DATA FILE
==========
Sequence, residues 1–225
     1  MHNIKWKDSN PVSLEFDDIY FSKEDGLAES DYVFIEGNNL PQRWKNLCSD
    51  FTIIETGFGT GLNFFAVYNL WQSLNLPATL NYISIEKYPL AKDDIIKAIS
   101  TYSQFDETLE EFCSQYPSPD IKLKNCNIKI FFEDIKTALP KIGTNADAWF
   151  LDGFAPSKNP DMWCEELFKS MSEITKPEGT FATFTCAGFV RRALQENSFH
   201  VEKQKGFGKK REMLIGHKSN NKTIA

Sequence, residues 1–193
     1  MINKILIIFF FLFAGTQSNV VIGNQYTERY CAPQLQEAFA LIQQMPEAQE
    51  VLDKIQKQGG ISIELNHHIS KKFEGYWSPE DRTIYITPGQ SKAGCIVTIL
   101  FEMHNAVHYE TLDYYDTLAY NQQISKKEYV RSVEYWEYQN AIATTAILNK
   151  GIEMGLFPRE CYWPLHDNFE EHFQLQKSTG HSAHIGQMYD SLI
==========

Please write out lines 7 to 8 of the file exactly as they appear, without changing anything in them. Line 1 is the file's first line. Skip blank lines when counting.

Sequence, residues 1–193
     1  MINKILIIFF FLFAGTQSNV VIGNQYTERY CAPQLQEAFA LIQQMPEAQE